September 15, 2014

Conflict Between University of North Dakota's First Ombuds and President Becomes Public

Last Thursday, the Grand Forks Herald revealed the details of a dispute between UND President Robert Kelley and the University's first Ombudsperson, Dusty Farned. Unfortunately, Farned's side of the story wasn't revealed until a follow-up article.

The newspaper's lede on Thursday said that Farned “often failed to return messages sent by President Robert Kelley, keep regular office hours or manage his time well.” At one point, campus police were dispatched to find Farned. 

The letter revealed by the newspaper had been written on April 3. Only much later in the article was it acknowledged that Farned received a positive performance review by UND's Ombuds Committee and that his contract subsequently was extended by two months.

A follow up article published Friday provided significantly more information favorable to Farned.  The UND Ombuds explained that his problems with availability and time management show an even more pressing need for a full-time position. 
“It had been a busy year,” he said. “I think the whole availability issue and not being able to get back to you and others, I think that more than anything shows the need for a full-time office.”
A packed schedule
Farned was paid $47,500 annually for working 20 hours a week, but he said he often worked much more than that.
“I purposely tried to keep it less than 40 so it didn’t feel like I was working a full-time job for half-time pay, but the busy months were 40-hour weeks,” he said.
According to his annual report that was sent to UND President Robert Kelley in early August, Farned met with 110 people in his time at UND and had more than 20 initial contacts in February, the most of any month. 
Farned also revealed that the University offered him a second extension, which he turned down because he didn’t want to work month-to-month.  (Grand Forks Herald, Sept 11, 2014, Sept 13, 2014.)

Related posts:  University of North Dakota to Reconsider Ombuds; Push for Ombuds at University of North Dakota Gets Boost From Students; Job Posting; University of North Dakota Appoints First Ombuds.


  1. I was very conflicted about posting this article. The President's letter seems like the sort of employee matter that should be confidential. I don't want to expose Farned to any further discomfort, but his situation highlights the some of tensions between Ombuds and their institutions.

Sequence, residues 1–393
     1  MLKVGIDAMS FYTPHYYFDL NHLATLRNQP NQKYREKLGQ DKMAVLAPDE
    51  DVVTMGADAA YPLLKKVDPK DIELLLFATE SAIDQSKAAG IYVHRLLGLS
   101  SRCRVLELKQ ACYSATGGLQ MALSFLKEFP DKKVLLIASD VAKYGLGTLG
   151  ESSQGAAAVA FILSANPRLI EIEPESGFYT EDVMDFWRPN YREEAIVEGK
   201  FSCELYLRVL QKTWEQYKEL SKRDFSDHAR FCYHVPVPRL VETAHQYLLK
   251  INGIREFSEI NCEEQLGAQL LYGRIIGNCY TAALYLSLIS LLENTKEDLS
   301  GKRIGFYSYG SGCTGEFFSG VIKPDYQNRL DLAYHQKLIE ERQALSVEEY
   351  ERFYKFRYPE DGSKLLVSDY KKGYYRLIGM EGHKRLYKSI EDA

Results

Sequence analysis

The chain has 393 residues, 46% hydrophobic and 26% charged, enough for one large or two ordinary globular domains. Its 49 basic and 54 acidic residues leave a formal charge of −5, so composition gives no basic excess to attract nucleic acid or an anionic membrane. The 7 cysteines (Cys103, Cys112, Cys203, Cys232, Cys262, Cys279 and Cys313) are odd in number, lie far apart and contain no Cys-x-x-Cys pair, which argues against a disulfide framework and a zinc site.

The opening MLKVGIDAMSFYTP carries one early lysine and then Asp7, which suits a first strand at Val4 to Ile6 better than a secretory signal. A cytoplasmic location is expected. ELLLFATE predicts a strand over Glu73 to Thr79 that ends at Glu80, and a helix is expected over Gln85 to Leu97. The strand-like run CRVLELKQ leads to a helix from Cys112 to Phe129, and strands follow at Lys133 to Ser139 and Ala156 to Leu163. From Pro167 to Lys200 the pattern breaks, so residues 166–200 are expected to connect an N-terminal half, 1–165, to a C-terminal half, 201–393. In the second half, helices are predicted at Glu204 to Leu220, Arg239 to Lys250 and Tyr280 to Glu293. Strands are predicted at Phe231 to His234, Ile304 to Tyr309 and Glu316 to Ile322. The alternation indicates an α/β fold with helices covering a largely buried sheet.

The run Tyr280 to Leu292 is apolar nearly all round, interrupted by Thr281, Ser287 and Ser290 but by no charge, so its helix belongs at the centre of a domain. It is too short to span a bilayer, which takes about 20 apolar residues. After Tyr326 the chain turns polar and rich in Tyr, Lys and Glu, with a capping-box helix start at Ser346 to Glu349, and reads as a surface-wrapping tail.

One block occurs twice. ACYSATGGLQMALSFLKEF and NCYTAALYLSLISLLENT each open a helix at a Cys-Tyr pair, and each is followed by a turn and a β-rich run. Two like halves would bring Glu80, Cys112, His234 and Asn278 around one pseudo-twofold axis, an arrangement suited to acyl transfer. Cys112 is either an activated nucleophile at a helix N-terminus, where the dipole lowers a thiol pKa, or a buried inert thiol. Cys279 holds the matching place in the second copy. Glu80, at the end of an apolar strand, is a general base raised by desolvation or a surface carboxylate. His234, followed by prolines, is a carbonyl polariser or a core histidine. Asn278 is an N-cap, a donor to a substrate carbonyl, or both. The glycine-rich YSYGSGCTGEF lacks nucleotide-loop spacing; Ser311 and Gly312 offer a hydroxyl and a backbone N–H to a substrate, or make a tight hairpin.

2. The president sounds like an asshat. I mean...sending the police when you don't get a response to an email is simply heavy handed.
    -Angry Ombuds

    1. Thank you for being the first to say 'asshat' on this blog.

    2. Andrew Larratt-Smith9/15/2014 10:03 AM

      Shouldn't there be an award for that? (:

  3. How is this even a public matter? At my university this kind of thing is considered a private employment matter and exempt from disclosure under the public records law. If it is a public matter, the newspaper totally failed to provide the positive review by the ombuds committee as a relevant document. Very disappointed in the university and press.
    -Long Time Listener, First Time Caller

    1. Thanks, LTLFTC. I couldn't agree more.

  4. I believe the message here that might be of most import to the ombuds community, to borrow from the Boy Scouts, is "Be Prepared." Very good thing there was an Ombuds Committee given this situation. Do you, gentle ombuds reader have one? Very few programs do. The absence of programatic Alignment, Embeddment and Integration, common among programs, can lead to the easy demise of programs when one high ranking member of the institution wants to end the program.

    If you currently report to a single individual - ANY SINGLE INDIVIDUAL - get busy putting together a different structure to connect you to the organization and ensure you have both and acceptable amount of oversight and workable political coverage BEFORE someone comes after the program.

    John W. ZInsser
    Co-founder and Principal, Pacifica Human Communications, LLC.
    Lecturer, Negotiation and Conflict Resolution, Columbia University